Data Inventory - Datapoints

The Datapoint Schema Discovery plugin in the Database integration allows you to programmatically scan your database to identify the pieces of data in your DB and pull them into Transcend as datapoints and sub-datapoints. Once the datapoints are in Transcend, they can be classified, labeled, and configured for DSRs.

The plugin works by scanning the database information schemas to detect all tables and columns.

To enable the datapoint schema discovery plugin, navigate to the Structured Discovery tab within the Database integration and toggle the plugin on. From there, you'll be able to set the frequency for which the plugin will run to discover new datapoints and sub-datapoints as they are added to the database. Note: We recommend scheduling the plugin to run at times when the load on the database is lightest.

Transcend's Structured Discovery tool automatically classifies the data discovered in your database. By leveraging machine learning techniques, we can categorize and recommend the data category for each piece of data discovered. With Structured Discovery, Transcend helps you keep your Data Inventory up to date through inevitable database schema changes. Check out our full Structured Discovery guide for more information about how it works.

With the Transcend Database integration, you can fulfill DSRs directly against a Database by running SQL queries.

In Infrastructure / Integrations, select the database of interest. On the Manage Datapoints page, you will find the tables in the database as datapoints. Datapoints can be discovered automatically by enabling the Datapoint Schema Discovery plugin for the integration or by manually creating datapoints in this interface.

Manually create datapoint

The property settings column in the Manage Datapoints interface will allow you to view the columns of each datapoint table and assign each column a category of personal data. This process of assigning categories to columns will enable Transcend to generate access and erasure SQL statements for you automatically.

In this view the Access Request Visibility toggle determines whether a SELECT * statement or SELECT <field> statement.

Access Toggle and SQL Statement

The Erasure Properties to Redact toggle determines whether the erasure request is a DELETE or UPDATE statement.

Erasure Toggle and SQL Statement

Categories can also be set in the Structured Discovery / Datapoints interface by editing the Data Categories column. If a datapoint is declared as Personal Identifier User ID, Contact Email, or Contact Phone, then the same autogeneration of SQL statements can be applied for various DSR types.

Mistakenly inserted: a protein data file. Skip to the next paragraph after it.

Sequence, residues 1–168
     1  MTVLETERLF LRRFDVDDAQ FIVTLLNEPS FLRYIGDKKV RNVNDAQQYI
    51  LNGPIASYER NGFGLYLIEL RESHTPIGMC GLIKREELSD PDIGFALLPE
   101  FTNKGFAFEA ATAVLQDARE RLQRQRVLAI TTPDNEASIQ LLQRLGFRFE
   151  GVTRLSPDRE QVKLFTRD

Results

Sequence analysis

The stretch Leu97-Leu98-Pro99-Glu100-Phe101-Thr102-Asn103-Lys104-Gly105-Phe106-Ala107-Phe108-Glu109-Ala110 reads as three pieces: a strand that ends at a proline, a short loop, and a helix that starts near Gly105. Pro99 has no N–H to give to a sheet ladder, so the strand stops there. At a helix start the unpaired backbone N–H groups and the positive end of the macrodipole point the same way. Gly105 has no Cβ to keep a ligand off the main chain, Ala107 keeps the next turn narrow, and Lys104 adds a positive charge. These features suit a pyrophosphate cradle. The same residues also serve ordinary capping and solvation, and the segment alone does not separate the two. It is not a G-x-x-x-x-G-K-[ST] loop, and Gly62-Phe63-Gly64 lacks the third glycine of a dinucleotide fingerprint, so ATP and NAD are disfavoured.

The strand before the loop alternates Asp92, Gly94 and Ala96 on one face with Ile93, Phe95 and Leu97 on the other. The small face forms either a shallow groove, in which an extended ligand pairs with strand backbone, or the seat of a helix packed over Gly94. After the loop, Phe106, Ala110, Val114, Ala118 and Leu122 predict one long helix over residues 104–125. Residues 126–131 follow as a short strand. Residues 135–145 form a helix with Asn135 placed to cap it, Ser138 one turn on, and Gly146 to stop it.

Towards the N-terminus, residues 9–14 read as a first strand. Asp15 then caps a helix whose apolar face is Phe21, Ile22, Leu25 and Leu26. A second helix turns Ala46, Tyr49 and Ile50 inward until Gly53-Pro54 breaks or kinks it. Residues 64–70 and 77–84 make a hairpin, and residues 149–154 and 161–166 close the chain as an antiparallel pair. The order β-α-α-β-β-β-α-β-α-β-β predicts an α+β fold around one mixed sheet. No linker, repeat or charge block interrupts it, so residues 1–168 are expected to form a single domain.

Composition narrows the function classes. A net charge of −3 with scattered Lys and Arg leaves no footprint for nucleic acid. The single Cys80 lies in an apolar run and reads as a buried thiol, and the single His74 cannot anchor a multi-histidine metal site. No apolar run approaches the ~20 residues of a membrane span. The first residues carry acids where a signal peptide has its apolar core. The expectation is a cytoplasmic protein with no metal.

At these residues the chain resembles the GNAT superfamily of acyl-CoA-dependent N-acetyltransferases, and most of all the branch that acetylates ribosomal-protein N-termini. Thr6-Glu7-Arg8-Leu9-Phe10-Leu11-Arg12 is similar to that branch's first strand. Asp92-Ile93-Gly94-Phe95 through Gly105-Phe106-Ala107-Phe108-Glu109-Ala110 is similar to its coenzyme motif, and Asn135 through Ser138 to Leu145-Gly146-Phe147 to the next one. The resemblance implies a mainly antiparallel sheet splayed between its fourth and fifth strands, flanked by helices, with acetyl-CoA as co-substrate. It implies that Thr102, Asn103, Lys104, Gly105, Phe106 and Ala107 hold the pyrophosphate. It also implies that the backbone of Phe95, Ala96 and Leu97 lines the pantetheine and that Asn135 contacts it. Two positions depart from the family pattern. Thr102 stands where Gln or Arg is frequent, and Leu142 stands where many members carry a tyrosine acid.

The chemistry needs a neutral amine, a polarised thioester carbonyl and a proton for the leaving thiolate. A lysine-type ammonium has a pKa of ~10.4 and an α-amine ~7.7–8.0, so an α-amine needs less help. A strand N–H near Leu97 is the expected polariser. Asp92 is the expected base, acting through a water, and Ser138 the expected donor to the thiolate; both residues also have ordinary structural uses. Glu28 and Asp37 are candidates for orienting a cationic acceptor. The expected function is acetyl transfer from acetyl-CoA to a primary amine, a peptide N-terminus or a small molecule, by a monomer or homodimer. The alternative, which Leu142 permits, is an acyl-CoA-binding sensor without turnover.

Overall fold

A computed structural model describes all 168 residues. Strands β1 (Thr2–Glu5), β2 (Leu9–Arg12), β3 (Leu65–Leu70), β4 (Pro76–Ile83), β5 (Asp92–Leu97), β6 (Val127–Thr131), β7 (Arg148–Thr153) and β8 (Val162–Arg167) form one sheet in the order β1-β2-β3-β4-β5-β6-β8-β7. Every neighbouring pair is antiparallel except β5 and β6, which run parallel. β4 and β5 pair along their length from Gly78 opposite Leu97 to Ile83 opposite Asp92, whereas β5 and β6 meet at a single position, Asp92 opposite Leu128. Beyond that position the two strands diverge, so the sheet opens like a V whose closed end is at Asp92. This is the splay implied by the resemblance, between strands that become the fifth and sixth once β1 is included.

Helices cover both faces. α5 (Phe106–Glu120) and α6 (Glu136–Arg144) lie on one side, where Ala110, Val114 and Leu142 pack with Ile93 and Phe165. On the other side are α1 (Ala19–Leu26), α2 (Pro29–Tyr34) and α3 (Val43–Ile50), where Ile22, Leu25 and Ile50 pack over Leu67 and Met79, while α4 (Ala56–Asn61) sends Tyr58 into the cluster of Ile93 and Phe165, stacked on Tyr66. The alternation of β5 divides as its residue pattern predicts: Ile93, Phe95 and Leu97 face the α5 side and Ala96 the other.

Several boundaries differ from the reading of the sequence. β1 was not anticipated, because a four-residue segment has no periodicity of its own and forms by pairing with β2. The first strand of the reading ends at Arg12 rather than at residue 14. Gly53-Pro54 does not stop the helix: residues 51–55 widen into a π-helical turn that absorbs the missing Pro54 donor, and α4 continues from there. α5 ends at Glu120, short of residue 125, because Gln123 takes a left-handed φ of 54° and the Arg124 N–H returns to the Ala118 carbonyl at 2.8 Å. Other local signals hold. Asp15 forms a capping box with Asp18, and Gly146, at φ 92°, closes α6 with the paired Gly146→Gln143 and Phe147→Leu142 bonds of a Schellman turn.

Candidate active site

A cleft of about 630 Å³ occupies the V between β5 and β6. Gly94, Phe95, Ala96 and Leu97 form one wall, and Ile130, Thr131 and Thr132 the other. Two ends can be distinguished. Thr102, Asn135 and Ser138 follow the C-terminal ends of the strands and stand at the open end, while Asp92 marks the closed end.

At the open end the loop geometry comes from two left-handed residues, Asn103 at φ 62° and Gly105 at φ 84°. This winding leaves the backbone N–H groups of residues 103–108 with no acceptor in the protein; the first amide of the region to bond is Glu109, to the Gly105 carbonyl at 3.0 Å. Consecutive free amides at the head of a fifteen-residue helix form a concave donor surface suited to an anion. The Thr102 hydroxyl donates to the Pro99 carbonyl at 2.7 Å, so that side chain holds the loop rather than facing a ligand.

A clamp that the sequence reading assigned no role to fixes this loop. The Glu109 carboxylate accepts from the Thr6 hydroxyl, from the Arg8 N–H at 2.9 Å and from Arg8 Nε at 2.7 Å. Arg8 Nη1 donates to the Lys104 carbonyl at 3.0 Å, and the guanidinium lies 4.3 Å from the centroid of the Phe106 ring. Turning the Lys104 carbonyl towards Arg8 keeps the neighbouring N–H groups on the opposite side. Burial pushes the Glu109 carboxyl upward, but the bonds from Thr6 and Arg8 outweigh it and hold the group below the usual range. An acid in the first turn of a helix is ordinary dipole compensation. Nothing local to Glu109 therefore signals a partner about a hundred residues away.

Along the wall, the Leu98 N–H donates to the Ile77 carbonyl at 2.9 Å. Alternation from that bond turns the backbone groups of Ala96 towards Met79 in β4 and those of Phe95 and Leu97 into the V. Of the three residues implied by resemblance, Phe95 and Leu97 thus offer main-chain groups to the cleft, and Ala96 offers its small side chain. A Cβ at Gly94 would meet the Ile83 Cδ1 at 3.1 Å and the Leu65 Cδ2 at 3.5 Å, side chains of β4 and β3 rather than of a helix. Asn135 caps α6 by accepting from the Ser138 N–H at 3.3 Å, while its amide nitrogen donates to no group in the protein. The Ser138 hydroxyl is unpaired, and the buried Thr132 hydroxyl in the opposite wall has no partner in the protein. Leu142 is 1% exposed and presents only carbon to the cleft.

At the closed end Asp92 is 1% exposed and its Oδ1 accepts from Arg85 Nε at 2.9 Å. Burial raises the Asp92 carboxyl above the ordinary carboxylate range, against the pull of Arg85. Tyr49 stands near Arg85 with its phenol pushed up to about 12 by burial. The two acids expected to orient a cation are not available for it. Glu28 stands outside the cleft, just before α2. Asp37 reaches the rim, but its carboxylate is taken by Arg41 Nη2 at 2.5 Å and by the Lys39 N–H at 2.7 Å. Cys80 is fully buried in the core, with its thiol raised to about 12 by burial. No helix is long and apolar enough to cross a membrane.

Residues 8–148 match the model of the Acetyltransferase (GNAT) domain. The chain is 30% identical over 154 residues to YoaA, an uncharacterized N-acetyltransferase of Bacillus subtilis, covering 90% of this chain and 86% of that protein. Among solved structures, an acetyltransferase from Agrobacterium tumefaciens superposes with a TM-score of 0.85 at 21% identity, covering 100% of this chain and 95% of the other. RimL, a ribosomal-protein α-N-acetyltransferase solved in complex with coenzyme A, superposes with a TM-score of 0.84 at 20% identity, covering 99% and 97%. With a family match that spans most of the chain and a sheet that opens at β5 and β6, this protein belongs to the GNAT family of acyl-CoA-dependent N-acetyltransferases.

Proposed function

You also have the option of manually setting SQL queries for each table in the Prepared Statement column text fields. This can be used to facilitate more complex queries e.g. joining two tables for an enrichment.

SQL statements for facillitating DSR Automation can also be configured in code using Transcend's CLI.

The workflow involves:

  1. Using the tr-pull command to pull existing SQL statements down from your Transcend instance into a trancend.yml file.
yarn tr-pull --auth=$TRANSCEND_API_KEY --dataSiloIds=965b0eb2-b87d-464c-a849-571e31384001 --resources=dataSilos
  1. Edit the SQL commands in transcend.yml. See this example.
  2. Commit and push your changes using the tr-push command

To use this workflow, the required scopes for your Transcend API Key are:

  • Manage Data Inventory
  • Manage Data Subject Request Settings
  • Manage API Keys

Once you have a workflow for updating and publishing SQL statements using the CLI, you may want to automate this process using CI. Here is an example for how to accomplish this using a GitHub Action.

Instructions for manually submitting DSRs can be found in this documentation.

After a test request has been made, select your database in the Infrastructure / Integrations view and view Processed Requests to see a log of requests that interacted with your database. Selecting these will allow you to drill down on details pertaining to the the request. Requests can also be restarted from this view.

View processed requests